Each of your characters have a unique group of spells/abilities that they have access to.  They use MP (magic points) or ammo, and most of the time you’ll be using them instead of the normal attacks the game allows you to use.  One thing that struck me as an odd decision was that Rudy, the character who is able to use the “ARMs,” notated in the game’s title, didn’t use ARMs as his normal attack.  He has a sword… The ARMs were “special” abilities.  In fact, ARMs themselves don’t really play that much of a huge part of the game since only one character uses them.  The game could have been called Wild Magic or Wild Fast Draw and the same result would have been seen in the game.  Rudy doesn’t use his special ability to solve anything other than lay the smack down on anything and everything you saw fit to use them on.  It was a missed opportunity to distinguish Rudy apart from Jack, who is an “experienced” swordsman, but for some reason Rudy used a sword, too, and not a gun to blow shit up with all the time.  I suppose that you could use his ARMs all of the time and never use his sword attack, but you usually want to keep “special” abilities for bosses or harder enemies.  That’s what makes them special.

Character progression isn’t all that exciting, but each character is different from each other.  Rudy will acquire new ARMs occasionally through play.  You can spend straight money to upgrade these ARMs to make them more powerful and useful.  You get nearly ten of these ARMs, and the last two are found in the last string of dungeons.  Unless you make it a point to exit the dungeon and go upgrade these, they are pretty much useless since when you find any ARM they are basically crap.  Jack is an expert swordsman with a mysterious past, so he gets “Fast Draw” hints — the name of his school of abilities is “Fast Draw.”  When you acquire a hint, you have to use the ???? ability you have just acquired until you are able to “learn” the ability that you had been given the hint for, at which point you can then use the ability when you like.  Cecilia uses all sorts of magic, and you can learn more by acquiring items known as Crest Graphs.  You use the Crest Graphs to bind spells to the character.  The choices you make at the beginning of the game are more important when you have almost no Crest Graphs, but as you find more, the decisions become less important.  There will eventually be an “Advanced” set of magic, which will sort of reset the importance of Crest Graphs about 2/3s of the game in, but since you can unlearn and relearn abilities with absolutely no penalty, it is easy to just “upgrade” all of your Basic magic spells into Advanced spells.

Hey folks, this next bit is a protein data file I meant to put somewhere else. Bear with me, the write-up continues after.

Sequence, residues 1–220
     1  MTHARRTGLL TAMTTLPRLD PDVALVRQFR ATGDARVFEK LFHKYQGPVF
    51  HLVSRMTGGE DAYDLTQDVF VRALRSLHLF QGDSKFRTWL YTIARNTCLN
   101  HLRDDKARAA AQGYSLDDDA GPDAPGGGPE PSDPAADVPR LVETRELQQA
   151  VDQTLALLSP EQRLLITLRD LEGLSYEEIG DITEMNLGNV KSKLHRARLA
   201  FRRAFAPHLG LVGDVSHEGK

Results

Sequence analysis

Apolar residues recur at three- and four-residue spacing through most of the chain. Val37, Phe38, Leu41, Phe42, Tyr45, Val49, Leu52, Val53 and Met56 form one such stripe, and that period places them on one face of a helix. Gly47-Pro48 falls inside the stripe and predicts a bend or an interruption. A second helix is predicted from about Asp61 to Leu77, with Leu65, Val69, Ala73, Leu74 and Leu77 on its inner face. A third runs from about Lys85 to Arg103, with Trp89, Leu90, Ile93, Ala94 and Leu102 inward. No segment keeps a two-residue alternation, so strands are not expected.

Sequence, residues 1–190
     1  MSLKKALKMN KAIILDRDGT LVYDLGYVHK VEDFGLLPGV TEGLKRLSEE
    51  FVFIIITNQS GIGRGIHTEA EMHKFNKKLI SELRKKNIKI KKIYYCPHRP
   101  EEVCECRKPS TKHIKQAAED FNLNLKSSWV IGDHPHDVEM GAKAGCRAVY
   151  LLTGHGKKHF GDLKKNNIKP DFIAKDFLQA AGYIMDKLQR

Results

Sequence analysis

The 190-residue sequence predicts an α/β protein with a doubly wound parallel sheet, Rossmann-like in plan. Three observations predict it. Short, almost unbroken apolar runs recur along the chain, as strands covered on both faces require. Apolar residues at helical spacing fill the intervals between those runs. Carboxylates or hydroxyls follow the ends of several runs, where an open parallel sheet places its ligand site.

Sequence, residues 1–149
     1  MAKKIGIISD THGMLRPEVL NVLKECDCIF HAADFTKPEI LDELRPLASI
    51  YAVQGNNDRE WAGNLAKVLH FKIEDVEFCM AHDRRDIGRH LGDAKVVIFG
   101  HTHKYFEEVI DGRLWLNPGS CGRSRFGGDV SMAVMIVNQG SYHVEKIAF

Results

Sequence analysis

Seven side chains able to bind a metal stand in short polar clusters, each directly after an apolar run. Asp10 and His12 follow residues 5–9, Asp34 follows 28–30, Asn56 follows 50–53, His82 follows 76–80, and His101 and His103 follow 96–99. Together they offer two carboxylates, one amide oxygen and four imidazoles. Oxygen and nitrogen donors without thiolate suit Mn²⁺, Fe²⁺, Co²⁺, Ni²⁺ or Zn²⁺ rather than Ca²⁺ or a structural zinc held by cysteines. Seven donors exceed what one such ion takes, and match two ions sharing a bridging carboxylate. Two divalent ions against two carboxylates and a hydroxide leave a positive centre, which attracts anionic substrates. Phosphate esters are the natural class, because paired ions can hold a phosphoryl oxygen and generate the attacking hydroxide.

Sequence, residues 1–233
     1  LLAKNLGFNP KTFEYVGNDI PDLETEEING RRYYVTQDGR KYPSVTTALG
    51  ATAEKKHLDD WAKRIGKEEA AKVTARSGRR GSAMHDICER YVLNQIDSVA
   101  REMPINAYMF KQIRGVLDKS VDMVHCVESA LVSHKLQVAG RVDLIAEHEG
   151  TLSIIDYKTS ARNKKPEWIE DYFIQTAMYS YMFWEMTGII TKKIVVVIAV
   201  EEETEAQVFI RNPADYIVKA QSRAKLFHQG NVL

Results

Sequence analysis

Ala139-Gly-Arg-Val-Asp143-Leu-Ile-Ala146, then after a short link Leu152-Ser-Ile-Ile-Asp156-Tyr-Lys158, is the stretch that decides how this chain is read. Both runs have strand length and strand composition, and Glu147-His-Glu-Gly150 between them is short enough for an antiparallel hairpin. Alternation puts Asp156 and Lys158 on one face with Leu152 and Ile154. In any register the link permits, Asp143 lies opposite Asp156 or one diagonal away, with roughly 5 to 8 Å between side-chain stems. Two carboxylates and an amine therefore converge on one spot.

All of the characters have something called Force abilities.  Each turn in battle gives them a certain amount of “Force.”  Each character has four different abilities that they can use according to their current Force level, and they use Force to use them.  These are especially useful when summoning Guardians or amplifying special abilities during longer fights.

Once you get to the later part of the game, there are a few optional quests and bosses to do, which can fill up about 5 to 10 hours.  There is an arena which gives you very special items depending on which fight you fight up to.  The items you earn here basically let you “cheat” and build out your characters into ridiculously strong killing machines, if you were so inclined to do so.  I passed over a couple of optional bosses, and most of the optional bosses will drop best-in-slot gear for your characters, making them even better.

Something to note, I played the majority of the game without a map.  I was wondering why they didn’t give us a map for the whole game and how stupid it was that there wasn’t one in the game.  I looked it up online eventually and it ended up being that I missed a room where I should have blown the wall apart — IN THE FIRST DUNGEON — and inside that room was the map.  I was making the game way more frustrating for myself than I had to.  Which basically ends with me saying that a map should not be something you find in a game in a hidden room optionally.  It has to be a forced thing you find, are given, or just friggin happens in the game.  BAD GAME DESIGN!